DesignSkins custom iPad 2 skin review

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I’ve tested stick-on skins for the iPad 2 before, so I jumped on the chance to test out a competitor from DesignsSkins when I was asked.

DesignsSkins is a German concept with nativized offshoots in several countries, including my country, Norway. This means that aside from catering to a worldwide audience, DesignSkins is perhaps especially useful for those who live in the countries where DesignSkins operates directly, people who are perhaps not used to ordering online.

Anyways, DesignSkins produces vinyl skins like the kind you can buy from all sorts of places. You have a decent set of designs to choose from and even use to create a personalized skin, or you can simply upload your own images and use those. The selection isn’t the best as far as templates go, lacking a lot of the most recent tablets, but it’s still way better than e.g. GelaSkins which is apparently still under the belief that Samsung has two tablets.

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I chose to make my own skin and went through the relatively simple process of ordering it. I had almost forgotten about it by the time it actually shipped though, almost three weeks after ordering. In comparison, GelaSkins shipped my other custom skin four days after ordering. Just something to keep in mind if you need your product sooner rather than later.

The iPad 2 skin comes with two pieces, one for the front and one for the back. I don’t particularly like skins on the front, leading me to not order that piece back when I ordered from GelaSkins, but DesignSkins includes both pieces either way. The print quality was fairly good, being a bit dark compared to the actual professional photo print I have on the wall of the exact same image file, but I was generally impressed with the quality. The skin itself feels durable enough, and the glue side shouldn’t leave any residue when removed.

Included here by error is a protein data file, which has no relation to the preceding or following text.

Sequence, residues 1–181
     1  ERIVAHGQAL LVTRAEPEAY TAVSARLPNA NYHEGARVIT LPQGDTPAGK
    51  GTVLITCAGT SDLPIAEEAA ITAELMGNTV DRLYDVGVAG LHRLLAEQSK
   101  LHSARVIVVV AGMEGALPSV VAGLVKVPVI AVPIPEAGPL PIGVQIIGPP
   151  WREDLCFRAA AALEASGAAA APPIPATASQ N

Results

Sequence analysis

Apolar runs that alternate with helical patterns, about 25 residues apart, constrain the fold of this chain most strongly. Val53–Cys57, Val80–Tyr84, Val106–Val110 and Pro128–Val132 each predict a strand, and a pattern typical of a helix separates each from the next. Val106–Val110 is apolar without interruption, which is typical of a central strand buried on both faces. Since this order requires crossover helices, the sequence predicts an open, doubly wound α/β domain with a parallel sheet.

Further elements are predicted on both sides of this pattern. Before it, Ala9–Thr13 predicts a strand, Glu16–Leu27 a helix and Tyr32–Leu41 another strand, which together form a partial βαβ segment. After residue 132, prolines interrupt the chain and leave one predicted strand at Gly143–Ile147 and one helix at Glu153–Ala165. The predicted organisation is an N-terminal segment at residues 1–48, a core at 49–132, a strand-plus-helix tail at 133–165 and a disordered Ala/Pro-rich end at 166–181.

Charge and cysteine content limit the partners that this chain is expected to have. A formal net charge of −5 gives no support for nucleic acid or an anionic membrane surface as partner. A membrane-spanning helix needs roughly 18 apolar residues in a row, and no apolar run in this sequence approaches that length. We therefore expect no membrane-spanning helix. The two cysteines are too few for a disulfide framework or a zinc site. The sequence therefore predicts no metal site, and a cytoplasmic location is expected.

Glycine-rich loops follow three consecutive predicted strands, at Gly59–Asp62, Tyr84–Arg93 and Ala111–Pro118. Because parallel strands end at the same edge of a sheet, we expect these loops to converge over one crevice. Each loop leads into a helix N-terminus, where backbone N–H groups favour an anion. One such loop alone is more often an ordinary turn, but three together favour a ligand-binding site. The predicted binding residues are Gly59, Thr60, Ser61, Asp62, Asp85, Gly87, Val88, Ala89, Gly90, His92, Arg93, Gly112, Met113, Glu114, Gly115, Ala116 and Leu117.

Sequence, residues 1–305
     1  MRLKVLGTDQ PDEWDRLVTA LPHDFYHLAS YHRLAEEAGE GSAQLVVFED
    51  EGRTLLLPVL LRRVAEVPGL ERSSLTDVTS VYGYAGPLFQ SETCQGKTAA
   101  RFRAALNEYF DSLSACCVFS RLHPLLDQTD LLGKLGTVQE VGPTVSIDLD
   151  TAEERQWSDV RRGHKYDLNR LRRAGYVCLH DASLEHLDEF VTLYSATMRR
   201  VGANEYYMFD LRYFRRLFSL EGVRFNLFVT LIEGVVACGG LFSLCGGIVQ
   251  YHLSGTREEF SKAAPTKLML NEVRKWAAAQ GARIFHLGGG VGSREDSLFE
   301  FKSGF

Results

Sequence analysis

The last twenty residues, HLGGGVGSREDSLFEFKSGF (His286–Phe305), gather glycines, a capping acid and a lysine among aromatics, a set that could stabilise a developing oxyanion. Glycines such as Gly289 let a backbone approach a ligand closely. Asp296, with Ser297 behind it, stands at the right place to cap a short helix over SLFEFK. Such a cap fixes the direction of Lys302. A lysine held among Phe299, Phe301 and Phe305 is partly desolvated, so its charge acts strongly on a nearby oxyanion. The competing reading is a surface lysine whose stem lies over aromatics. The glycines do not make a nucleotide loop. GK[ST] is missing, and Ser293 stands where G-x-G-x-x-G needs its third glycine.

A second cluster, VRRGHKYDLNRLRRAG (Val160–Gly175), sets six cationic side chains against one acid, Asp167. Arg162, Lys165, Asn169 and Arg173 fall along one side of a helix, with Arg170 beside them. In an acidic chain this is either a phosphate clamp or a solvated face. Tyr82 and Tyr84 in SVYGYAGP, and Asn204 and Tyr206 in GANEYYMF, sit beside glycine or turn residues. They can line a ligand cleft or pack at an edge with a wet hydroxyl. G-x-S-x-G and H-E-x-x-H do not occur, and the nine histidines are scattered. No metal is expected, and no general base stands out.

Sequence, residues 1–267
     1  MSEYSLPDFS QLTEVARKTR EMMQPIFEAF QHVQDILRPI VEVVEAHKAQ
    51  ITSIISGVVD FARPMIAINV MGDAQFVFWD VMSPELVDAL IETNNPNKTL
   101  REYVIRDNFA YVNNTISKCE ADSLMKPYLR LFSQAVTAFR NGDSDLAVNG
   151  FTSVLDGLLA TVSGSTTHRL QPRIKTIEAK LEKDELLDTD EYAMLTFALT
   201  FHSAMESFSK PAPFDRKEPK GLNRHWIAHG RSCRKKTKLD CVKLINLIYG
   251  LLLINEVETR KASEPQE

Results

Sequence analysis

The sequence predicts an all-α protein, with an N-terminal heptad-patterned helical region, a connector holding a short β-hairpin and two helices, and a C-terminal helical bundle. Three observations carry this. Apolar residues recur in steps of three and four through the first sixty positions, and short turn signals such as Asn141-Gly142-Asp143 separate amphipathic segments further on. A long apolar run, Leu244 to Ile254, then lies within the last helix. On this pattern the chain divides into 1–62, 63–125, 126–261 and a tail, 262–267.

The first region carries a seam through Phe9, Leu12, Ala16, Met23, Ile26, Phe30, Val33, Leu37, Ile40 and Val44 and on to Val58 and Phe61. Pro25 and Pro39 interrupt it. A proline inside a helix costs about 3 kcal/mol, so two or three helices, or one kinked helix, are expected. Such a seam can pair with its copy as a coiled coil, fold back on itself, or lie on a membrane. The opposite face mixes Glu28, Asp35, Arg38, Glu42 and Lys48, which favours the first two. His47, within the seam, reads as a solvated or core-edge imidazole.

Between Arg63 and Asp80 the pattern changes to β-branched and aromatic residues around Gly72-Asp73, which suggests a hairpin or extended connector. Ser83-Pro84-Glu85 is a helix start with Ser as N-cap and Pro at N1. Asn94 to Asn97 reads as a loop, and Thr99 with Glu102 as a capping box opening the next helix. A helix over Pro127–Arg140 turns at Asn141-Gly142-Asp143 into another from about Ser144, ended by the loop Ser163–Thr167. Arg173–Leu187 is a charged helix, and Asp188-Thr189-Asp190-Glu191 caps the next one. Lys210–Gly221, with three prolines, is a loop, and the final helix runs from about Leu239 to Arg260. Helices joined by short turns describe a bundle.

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The cutouts were a bit of a hit and miss. They leave less of a margin for error than the GelaSkins skin, which is also the reason why the skin didn’t fit 100%. I tried to first align it by the volume rocker, but that left the speaker, dock connector and everything else misaligned. Aligning by the dock connector lined up the headphone port, SIM slot and speaker, but left the volume rocker covered by half a millimeter of skin. A general rule when making things like skins and screen protectors is to leave a bit more room than the absolute minimum, and if they had only done that here it would have been perfect. Still, it’s nothing like the ridiculously misaligned products that come out of China, and really only require you to be a bit forceful with getting the skin aligned. As for the corners, GelaSkins’ design of cutting a bit more out of the corner than DesignSkins was a wise one, as the latter skin left a bit of a fold where the two sides met.

From a purely product quality point of view, DesignSkins disappointed me a bit compared to GelaSkins. Some poor cutout choices and very slow production times subtract from the final score, but on the plus side the device selection is much better. Nativized web pages is a big part of why anyone would choose DesignSkins over the other offers out there, and that’s not a feature to be dismissed easily.

As for price and purchasing, the easiest thing to do is to head to the DesignSkins website and use the language selector on the top to get the language and currency you use. For us Norwegians, an iPad 2 skin is 199 NOK, and that doesn’t include shipping. This is fairly competitive, though more expensive by a bit, than GelaSkins.

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Andreas Ødegård

Andreas Ødegård is more interested in aftermarket (and user created) software and hardware than chasing the latest gadgets. His day job as a teacher keeps him interested in education tech and takes up most of his time.

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